Converting docx to PDF in Azure

 | #Azure#PDF

As part of a recent feature, we needed to implement conversion of docx to pdf. A quick look on Nuget revealed Free Spire.Doc for .Net. We thought this looked like a great use case for Azure Functions, so the member of the team who was implementing the feature quickly implemented this as an Azure Function, but when we deployed it, it didn’t work. After a bit of googling, the cause of this was that, due to the sandboxed environment of Azure App Service, assemblies requiring access to GDI don’t work. Further Googling with Bing revealed that pretty much every .Net docx to PDF conversion library uses GDI, so we couldn’t just switch to a different library. We needed full access to Windows to do this, which meant a VM. The cheapest Windows VM in azure is a Basic A0 at less than £9 a month, much cheaper than commercial document conversion services I found, which were at least £20 a month and had really weird APIs that were going to be pretty tricky to integrate in to our application.

I implemented a Windows service using Topshelf and the original Free Spire.Doc code for the actual conversion and installed this on to the VM. It simply polls an Azure Storage Queue for a message and deserializes the body to the following class.

private class ConversionMessage
    public string SourceBlobContainer { get; set; }
    public string SourceBlobName { get; set; }
    public string DestinationBlobContainer { get; set; }
    public string DestinationBlobName { get; set; }
    public string ConversionType { get; set; }

This simply contains the Azure Blob container and the name for the source document, and the destination container and name for the converted document. There is also a ConversionType property which only has one valid value currently, I added this to facilitate adding other conversions in the future. When a message is received, the service then converts the document with freespire and puts the converted document in the destination container. Below is all the code for doing the conversion and saving it.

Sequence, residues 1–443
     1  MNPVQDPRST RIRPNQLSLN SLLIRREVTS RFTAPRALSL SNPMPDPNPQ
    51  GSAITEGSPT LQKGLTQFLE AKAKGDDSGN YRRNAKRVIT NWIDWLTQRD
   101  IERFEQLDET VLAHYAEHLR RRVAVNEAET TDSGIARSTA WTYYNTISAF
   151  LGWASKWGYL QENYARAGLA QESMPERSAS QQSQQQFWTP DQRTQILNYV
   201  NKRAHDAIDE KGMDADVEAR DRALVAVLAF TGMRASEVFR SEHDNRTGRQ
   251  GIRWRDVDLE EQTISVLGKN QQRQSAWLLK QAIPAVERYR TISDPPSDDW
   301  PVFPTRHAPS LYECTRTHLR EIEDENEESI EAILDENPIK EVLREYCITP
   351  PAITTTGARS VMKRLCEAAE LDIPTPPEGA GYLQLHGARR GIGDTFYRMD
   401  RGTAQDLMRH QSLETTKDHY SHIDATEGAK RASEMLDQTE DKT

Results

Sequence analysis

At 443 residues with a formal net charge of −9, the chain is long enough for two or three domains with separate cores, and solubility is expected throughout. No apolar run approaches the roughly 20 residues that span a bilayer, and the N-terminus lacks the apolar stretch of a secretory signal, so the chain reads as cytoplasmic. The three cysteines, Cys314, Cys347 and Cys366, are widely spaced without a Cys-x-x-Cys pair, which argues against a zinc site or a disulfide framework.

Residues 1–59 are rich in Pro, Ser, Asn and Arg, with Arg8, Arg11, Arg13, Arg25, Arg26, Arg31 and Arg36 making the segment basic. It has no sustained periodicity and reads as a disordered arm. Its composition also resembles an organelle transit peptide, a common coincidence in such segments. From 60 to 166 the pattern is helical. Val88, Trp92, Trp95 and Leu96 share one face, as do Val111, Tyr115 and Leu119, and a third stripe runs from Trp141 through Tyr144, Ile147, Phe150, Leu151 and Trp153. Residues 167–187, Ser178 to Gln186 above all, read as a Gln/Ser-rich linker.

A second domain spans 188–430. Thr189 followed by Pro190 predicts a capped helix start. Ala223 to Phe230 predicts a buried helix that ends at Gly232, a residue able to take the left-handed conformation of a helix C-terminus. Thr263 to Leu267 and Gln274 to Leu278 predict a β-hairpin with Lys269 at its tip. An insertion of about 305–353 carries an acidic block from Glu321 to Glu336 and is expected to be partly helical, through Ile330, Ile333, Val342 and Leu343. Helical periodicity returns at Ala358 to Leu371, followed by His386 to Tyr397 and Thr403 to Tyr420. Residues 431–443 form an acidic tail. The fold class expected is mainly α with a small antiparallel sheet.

private void Convert(ConversionMessage message)

            var inputBlob = GetBlobReference(message.SourceBlobContainer, message.SourceBlobName);
            var outputBlob = GetBlobReference(message.DestinationBlobContainer, message.DestinationBlobName);
            if(message.ConversionType == "docxtopdf")
                LogInfo("Beginning conversion, type: docxtopdf");
                ConvertDocxToPdf(inputBlob, outputBlob);
                LogError($"Invalid conversion type {message.ConversionType} received");

        private CloudBlockBlob GetBlobReference(string container, string blobName) => _blobClient.GetContainerReference(container).GetBlockBlobReference(blobName);

        private void ConvertDocxToPdf(CloudBlockBlob inputDoc, CloudBlockBlob outputDoc)
            var inputStream = new MemoryStream();

            inputStream.Seek(0, SeekOrigin.Begin);

            var doc = new Spire.Doc.Document();
            doc.LoadFromStream(inputStream, FileFormat.Docx);

            var outStream = new MemoryStream();
            doc.SaveToStream(outStream, FileFormat.PDF);

            outStream.Seek(0, SeekOrigin.Begin);


            LogInfo("Conversion successful");

Holding all of this together is an Azure Function. This function is really simple, it just gets called whenever the docx file is created in Azure Blob Storage and creates the conversion message, and puts it in the queue for the Windows service on the VM to pick up.

public static void Run(CloudBlockBlob myBlob, CloudQueue queue, TraceWriter log)
    log.Info($"ConvertWordQuoteToPdf function processed: {myBlob.Name}");

    var filename = System.IO.Path.GetFileNameWithoutExtension(myBlob.Name);
    var cm = new ConversionMessage();
    cm.SourceBlobContainer = "docs";
    cm.SourceBlobName = $"{filename}.docx";
    cm.DestinationBlobContainer = "docs";
    cm.DestinationBlobName = $"{filename}.pdf";
    cm.ConversionType = "docxtopdf";

    var msg = new CloudQueueMessage(Newtonsoft.Json.JsonConvert.SerializeObject(cm));

One of the coolest things about this in my view, is that all of this required no changes to the main application at all, we just reacted to the creation of the docx file that it was already doing.

About Alan Parr

Photo of Alan Parr

I am a .Net developer based in the Midlands in the UK, working on Azure, .Net Framework, .Net Core, and just generally playing around with anything that interests me. I play snooker (badly), archery (acceptably) and am a recovering Windows Phone user.